Love triangles and love Vs come in all sizes and colors. Some are sloppy and generic, while others are painfully inquisitive of the human condition.
Let me backtrack and use the good ol’ ABCs to explain. When A likes B, but B likes C, and C likes A…that’s a love triangle (and it can get more complicated). When A likes B and C, and they both reciprocate those feelings…that’s a love V. You’ve probably come across more Vs than triangles.
I’m 99.4367512788% done with the whole lot of them, especially the Vs.
That’s right, I’m anti-love-V.
IT’S TRUE! Love Vs are overused and too many writers don’t do them justice.
Don’t shoot me just yet. Let me break down my thoughts about these pesky cockroaches.
1. Most love Vs seem to be sloppy plot devices
- Extra drama that doesn’t develop the characters or plot
- Contrived and implausible conflicts tacked on to make the MCs seem more desirable
- Generic formula: Plain and normal Jane — who’s crumbling around the edges because she doesn’t know how amazing she is — meets flawed and dangerous Mr. Gorgeous — who’s desperately lonely yet could never be held down until Jane’s innocence or mystery came along.
- BUT WAIT! Jane’s lackluster or jerky boyfriend, or her BFF who’s been secretly yet obviously crushing on her, keeps getting in the way of Jane and Mr. Gorgeous sealing the deal. Poor Jane doesn’t know where to lay her wishwashy heart.
- OR! The witty, cute Underdog moves somewhere and has to fix something. But that’s not all, folks! He gets the added bonus of two girls flocking to him: one smarty pants and one take-me-now
2. Love Vs can damage your character’s character if not handled correctly
- Characters start losing focus and acting way out of character. They soon resemble that other guy from that other book. Bye, bye, uniqueness.
- The female MC ends up needing a man to help fashion her identity (even the Hunger Games is guilty of this)
- The “bad boy” suddenly stops doing “bad things” for the sake of his love; he was just misunderstood, not “bad”
- The indecisive characters “stuck in the middle” seem flaky and untrustworthy
- It isn’t cute that they never mature enough to take control of their lives or responsibility for the damage they’ve caused.
- Guilt is underplayed or nonexistent. That isn’t play dough you’re tearing apart, that’s a heart.
- Serious jealousy isn’t attractive as it’s more about insecurities than passion or playfulness. Love Vs guarantee insecurities coming out in the ugliest ways.
- The character’s tangled emotions don’t excuse their infidelity. Nothing excuses physical or emotional infidelity!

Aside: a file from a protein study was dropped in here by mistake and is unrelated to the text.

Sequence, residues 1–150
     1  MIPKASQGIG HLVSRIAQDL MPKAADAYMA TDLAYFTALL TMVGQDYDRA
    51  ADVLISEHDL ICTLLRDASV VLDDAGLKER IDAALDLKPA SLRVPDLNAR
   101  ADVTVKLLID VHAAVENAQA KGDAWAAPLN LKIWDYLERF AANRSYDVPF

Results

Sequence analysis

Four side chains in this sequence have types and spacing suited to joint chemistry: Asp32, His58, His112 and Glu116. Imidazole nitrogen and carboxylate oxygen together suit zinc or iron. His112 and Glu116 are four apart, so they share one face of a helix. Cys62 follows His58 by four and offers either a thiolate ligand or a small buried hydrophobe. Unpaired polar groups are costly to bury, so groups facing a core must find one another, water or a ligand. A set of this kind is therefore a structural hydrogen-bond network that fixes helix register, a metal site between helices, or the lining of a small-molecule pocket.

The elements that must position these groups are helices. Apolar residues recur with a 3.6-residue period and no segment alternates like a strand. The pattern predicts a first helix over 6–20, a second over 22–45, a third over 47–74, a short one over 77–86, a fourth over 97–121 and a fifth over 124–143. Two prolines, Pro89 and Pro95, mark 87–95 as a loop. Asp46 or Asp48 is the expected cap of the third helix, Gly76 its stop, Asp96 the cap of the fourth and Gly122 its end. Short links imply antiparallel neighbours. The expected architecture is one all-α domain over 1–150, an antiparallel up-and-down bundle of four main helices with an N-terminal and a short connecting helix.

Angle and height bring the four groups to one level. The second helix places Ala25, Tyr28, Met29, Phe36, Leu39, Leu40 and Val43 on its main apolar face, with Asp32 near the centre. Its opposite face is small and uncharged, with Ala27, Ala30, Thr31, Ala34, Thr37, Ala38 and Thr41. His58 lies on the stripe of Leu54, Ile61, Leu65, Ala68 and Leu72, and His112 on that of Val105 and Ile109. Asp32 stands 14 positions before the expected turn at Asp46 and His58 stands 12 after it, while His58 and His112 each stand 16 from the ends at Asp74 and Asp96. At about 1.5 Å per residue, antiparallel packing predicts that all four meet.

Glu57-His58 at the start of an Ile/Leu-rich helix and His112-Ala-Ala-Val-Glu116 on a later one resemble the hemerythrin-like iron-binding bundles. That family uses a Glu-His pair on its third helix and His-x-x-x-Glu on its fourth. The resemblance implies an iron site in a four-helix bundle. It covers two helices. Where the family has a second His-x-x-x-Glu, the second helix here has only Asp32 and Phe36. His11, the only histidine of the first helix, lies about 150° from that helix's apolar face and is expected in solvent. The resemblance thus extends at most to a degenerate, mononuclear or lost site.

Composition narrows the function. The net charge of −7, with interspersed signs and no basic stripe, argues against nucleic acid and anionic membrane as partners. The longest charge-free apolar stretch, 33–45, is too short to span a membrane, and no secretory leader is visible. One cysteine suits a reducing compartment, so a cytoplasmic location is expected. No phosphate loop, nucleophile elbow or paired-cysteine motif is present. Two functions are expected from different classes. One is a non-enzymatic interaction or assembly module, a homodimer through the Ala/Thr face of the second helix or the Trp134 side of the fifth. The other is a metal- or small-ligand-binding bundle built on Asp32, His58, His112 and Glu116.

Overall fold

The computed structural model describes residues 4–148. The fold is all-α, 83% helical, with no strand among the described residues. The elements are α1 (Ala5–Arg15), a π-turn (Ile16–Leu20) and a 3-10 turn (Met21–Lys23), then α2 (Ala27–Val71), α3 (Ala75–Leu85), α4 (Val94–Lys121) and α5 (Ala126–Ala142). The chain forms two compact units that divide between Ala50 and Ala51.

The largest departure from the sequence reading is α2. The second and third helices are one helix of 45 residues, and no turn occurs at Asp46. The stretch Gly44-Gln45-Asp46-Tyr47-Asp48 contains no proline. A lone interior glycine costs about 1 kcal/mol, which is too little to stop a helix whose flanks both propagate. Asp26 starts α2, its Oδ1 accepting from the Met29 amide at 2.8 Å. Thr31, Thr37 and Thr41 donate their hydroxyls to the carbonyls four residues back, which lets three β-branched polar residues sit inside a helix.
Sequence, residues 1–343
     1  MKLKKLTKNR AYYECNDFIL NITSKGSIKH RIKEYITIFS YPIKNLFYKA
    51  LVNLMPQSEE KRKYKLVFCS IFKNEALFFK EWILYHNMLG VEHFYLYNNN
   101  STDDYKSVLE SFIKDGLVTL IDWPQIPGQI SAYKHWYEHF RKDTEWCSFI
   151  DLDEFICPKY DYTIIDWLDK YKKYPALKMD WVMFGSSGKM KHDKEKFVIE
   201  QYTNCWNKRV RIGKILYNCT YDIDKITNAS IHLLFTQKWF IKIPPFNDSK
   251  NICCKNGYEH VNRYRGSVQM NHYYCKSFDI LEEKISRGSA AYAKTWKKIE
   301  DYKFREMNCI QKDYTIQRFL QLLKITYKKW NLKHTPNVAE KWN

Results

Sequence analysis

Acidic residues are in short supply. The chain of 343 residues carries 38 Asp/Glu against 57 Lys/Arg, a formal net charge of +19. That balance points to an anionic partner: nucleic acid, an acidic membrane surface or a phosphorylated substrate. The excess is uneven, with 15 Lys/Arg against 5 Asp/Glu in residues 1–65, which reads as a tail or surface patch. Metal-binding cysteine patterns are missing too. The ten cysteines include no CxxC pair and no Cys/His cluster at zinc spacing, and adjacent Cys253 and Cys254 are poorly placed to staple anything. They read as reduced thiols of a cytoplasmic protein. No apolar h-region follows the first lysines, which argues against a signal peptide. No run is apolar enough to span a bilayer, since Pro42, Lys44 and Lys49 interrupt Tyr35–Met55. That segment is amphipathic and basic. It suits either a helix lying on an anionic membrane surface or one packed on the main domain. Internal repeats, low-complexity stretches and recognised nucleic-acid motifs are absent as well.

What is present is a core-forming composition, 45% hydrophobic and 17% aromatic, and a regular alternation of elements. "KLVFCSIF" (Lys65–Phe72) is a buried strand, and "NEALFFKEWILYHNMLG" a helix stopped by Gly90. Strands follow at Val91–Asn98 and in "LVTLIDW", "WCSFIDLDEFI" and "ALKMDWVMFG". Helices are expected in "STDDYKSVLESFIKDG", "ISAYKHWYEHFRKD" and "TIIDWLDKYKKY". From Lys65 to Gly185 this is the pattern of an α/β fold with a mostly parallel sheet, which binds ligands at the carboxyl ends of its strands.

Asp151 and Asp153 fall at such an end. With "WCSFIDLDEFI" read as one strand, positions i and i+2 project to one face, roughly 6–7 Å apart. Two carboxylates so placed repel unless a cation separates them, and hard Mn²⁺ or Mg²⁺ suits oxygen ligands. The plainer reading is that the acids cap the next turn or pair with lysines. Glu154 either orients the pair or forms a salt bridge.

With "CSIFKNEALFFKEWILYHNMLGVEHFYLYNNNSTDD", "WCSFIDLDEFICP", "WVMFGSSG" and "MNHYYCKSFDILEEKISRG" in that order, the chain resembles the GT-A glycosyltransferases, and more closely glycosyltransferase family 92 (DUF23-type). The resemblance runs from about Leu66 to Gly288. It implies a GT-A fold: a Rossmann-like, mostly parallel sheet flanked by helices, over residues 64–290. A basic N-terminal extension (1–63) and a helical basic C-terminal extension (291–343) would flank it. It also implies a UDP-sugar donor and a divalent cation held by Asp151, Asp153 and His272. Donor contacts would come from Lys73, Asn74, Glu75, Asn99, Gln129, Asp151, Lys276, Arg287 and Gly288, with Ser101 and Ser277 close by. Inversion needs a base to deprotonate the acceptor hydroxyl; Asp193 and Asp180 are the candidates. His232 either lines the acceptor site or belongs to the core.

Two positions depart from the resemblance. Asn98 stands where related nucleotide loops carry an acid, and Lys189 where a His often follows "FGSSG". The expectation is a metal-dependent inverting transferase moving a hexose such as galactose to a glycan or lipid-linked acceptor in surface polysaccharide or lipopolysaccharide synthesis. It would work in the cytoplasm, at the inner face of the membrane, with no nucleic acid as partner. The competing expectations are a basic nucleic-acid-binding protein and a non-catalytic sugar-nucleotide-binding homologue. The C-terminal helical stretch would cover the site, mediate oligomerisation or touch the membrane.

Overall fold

- I wasn’t going to call out anymore characters, but Elena from Vampire Diaries, aka Brother-hopper. You nearly ruined their brotherhood. At least Katherine was upfront about wanting both brothers; and for the most part, she didn’t cry about it.
3. Love Vs typically get dragged out.
- Love Vs are usually tacky
- It’s even more depressing when it’s obvious who the “winner” will be. Why does it take the MC a whole book or series to figure it out? Don’t tell me it’s just because!
4. Love Vs lessen my sympathy
- If only both “options” would leave the MC more often.
- The MCs can’t make up their minds, but they get mad or hurt if their “options” pull away, give them less attention, or mess around with other love interests of their own
5. These relationships are being built on shifting sands rather than a sturdy rock.
6. Still no excuse
- Love CAN BE complicated, but why not admit it’s mostly that way because the individuals involved are making it that way. They keep breathing on the fire, wondering why it’s growing.
- They choose to give into their desires, then they say sorry and feel bad for the umpteenth time. Just tell the truth, you human, you want your cake, the ice-cream, and the cookies, too.
7. Love Vs aren’t the kind of love I’d wish for anyone.
- I invest and put all my feels into a couple, only to feel vulnerable and defensive every time the character’s by the other love interest.
- Then I’m supposed to root for “my guy” to win? Why would I want “my choice” to be with such a flaky, disloyal person? To go through love like it’s a freakin’ game? I wouldn’t accept that myself, because I know I deserve and can have a more substantial love. So I wouldn’t root for someone else to chain themselves to such a Titanic.
8. The “loser” of the love V typically becomes a heartless jerk or dies
- A cop out ending. I see through you, writer.
BUT, like I said, there are some books that do go about love Vs in a productive and inquisitive way. Supposedly, “Delirium” by Lauren Oliver is a good example.
I can’t think of anymore right now, but there has to be. That’s where you can help me and other viewers. Tell us your perspective of love Vs and guide us to books that do them justice.
More of this: